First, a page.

Winsper C, Lereya T, Zanarini M, Wolke D (2012) Involvement in bullying and suicide-related behavior at 11 years: a prospective birth cohort study. J Am Acad Child Adolesc Psychiatry 51:271–282CrossRefGoogle Scholar
  11. 11.
    Simioni AR, Pan PM, Gadelha A et al (2018) Prevalence, clinical correlates and maternal psychopathology of deliberate self-harm in children and early adolescents: results from a large community study. Rev Bras Psiquiatr 40:48–55CrossRefGoogle Scholar
  12. 12.
    Paul E, Ortin A (2017) Correlates of suicidal ideation and self-harm in early childhood in a cohort at-risk for child abuse and neglect. Arch Suicide Res. CrossRefGoogle Scholar
  13. 13.
    Cicchetti D, Rogosch FA, Sturge-Apple M, Toth SL (2010) Interaction of child maltreatment and 5-HTT polymorphisms: suicidal ideation among children from low-SES backgrounds. J Pediatr Psychol 35:536–546CrossRefGoogle Scholar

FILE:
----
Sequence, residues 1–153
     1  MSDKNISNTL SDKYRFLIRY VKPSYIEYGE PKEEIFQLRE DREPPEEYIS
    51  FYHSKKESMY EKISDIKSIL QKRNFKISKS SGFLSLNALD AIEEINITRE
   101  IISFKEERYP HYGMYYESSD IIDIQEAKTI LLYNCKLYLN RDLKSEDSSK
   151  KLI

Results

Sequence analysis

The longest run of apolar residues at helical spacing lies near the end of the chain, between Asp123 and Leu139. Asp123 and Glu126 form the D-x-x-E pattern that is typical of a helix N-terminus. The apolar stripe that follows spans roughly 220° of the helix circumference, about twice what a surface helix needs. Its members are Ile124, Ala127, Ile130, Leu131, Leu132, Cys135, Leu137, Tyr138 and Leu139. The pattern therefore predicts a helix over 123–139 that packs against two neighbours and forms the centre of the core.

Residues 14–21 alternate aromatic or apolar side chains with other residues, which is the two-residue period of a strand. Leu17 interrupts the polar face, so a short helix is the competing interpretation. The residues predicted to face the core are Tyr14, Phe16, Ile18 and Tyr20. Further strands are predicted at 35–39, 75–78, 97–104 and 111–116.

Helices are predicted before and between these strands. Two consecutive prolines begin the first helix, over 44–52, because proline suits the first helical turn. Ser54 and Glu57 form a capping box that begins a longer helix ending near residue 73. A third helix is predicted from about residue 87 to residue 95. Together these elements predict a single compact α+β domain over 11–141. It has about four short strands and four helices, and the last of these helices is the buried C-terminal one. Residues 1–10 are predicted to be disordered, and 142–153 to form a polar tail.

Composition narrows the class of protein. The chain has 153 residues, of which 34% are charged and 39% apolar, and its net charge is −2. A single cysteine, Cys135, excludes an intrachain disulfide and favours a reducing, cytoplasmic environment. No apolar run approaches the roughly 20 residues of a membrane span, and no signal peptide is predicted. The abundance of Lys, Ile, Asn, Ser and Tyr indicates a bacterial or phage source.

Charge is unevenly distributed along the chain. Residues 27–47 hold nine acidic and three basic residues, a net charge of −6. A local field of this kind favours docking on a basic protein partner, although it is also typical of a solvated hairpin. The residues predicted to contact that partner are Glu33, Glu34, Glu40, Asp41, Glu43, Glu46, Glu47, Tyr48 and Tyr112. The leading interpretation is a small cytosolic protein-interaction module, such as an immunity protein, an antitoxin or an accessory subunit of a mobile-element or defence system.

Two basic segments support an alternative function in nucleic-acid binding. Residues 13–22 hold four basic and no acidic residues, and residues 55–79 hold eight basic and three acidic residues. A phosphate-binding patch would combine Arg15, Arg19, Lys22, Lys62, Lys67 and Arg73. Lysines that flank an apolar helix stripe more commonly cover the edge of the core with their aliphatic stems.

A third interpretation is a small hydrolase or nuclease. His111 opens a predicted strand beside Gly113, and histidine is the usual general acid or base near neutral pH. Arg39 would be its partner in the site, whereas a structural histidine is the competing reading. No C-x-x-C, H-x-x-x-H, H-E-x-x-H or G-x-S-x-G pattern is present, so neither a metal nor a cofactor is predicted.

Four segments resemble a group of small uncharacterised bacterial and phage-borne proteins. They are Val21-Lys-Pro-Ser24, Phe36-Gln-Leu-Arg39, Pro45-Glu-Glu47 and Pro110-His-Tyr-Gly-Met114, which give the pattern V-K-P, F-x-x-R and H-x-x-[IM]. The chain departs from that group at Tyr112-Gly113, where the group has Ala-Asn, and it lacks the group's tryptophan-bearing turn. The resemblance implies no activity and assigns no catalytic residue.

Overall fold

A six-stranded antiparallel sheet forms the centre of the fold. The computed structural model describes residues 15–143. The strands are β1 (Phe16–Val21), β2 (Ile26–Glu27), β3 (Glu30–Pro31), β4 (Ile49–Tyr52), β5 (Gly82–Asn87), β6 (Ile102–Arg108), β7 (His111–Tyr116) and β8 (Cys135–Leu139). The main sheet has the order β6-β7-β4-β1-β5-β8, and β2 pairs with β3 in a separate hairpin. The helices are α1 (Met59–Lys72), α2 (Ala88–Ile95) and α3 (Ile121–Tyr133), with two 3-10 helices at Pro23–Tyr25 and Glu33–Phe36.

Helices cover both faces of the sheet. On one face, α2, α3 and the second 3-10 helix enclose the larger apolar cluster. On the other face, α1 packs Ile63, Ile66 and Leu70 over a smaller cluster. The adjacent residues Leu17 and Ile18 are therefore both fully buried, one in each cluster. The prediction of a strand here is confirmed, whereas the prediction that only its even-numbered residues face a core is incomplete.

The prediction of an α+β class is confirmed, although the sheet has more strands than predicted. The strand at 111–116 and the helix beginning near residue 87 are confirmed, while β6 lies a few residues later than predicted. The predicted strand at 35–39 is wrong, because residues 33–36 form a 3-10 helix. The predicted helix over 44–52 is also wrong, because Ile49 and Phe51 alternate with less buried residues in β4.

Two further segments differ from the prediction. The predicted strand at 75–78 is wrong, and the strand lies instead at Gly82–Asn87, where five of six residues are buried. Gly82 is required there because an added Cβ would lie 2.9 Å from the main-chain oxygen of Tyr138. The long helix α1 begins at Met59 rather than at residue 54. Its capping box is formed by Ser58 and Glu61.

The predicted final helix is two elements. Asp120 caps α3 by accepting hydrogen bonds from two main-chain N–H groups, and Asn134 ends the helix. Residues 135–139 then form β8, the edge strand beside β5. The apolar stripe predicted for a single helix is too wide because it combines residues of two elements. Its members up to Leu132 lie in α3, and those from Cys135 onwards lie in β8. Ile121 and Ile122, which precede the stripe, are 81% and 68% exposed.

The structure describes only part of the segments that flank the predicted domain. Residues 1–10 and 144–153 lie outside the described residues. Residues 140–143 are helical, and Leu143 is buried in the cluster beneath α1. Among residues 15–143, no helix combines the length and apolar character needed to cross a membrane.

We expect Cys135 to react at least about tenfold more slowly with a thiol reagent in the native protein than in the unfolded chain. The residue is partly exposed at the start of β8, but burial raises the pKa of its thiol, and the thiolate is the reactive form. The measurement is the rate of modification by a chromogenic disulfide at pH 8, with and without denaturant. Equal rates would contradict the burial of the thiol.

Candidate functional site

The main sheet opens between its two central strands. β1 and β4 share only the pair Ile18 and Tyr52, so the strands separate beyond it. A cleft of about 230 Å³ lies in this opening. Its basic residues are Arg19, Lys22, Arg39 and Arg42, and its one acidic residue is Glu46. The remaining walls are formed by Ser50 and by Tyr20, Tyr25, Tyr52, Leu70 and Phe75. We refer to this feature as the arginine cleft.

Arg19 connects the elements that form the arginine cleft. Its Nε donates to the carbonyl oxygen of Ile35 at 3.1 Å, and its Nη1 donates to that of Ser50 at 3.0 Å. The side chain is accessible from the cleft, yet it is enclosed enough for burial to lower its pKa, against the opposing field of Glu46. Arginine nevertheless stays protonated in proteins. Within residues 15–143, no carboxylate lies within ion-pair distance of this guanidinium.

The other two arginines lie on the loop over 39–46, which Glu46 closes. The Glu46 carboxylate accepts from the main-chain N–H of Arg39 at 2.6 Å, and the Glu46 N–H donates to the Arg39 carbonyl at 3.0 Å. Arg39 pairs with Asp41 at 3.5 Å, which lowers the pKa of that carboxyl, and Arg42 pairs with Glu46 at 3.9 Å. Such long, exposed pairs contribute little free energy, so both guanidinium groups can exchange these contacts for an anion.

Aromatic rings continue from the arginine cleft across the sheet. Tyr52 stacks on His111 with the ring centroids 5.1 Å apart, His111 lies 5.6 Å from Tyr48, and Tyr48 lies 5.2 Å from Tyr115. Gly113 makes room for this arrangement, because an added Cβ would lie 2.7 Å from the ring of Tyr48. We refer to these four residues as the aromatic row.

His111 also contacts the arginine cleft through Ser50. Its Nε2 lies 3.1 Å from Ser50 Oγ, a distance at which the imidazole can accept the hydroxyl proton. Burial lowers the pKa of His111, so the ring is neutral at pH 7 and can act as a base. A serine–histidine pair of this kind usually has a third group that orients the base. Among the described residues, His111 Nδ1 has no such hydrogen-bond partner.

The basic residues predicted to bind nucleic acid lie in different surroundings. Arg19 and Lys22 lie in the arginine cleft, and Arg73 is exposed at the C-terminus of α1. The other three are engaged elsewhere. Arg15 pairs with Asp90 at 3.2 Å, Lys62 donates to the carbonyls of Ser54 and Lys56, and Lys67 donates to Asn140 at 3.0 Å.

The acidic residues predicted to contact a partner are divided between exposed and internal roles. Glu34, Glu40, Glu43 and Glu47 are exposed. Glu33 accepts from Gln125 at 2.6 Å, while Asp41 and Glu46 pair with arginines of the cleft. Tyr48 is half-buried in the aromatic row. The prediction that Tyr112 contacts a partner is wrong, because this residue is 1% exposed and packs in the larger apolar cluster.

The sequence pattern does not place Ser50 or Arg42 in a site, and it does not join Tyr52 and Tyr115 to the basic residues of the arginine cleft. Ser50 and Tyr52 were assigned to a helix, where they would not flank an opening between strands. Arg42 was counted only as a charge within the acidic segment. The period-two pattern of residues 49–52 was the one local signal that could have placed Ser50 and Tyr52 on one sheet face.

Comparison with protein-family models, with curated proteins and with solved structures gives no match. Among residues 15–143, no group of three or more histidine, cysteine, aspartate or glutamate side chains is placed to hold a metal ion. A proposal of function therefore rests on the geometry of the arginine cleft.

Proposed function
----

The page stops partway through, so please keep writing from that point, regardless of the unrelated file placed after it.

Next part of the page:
14. 14.
    Thompson R, Briggs E, English D et al (2005) Suicidal ideation among 8-year-olds who are maltreated and at risk: findings from the LONGSCAN studies. Child Maltreat 10:26–36CrossRefGoogle Scholar
  15. 15.
    U.S. Department of Health & Human Services, Administration for Children and Families, Administration on Children, Youth and Families, Children’s Bureau (2017) Child Maltreatment 2015.
  16. 16.
    Dunn EC, McLaughlin KA, Slopen N et al (2013) Developmental timing of child maltreatment and symptoms of depression and suicidal ideation in young adulthood: results from the national longitudinal study of adolescent health. Depress Anxiety 30:955–964PubMedGoogle Scholar
  17. 17.
    Bridge JA, Goldstein TR, Brent DA (2006) Adolescent suicide and suicidal behavior. J Child Psychol Psychiatry 47:372–394CrossRefGoogle Scholar
  18. 18.
    Brodsky BS (2016) Early childhood environment and genetic interactions: the diathesis for suicidal behavior. Curr Psychiatry Rep 18:86CrossRefGoogle Scholar
  19. 19.
    Brent DA, Mann JJ (2006) Familial pathways to suicidal behavior: understanding and preventing suicide among adolescents. N Engl J Med 355:2719–2721CrossRefGoogle Scholar
  20. 20.
    Dervic K, Brent DA, Oquendo MA (2008) Completed suicide in childhood. Psychiatr Clin N Am 31:271–291CrossRefGoogle Scholar
  21. 21.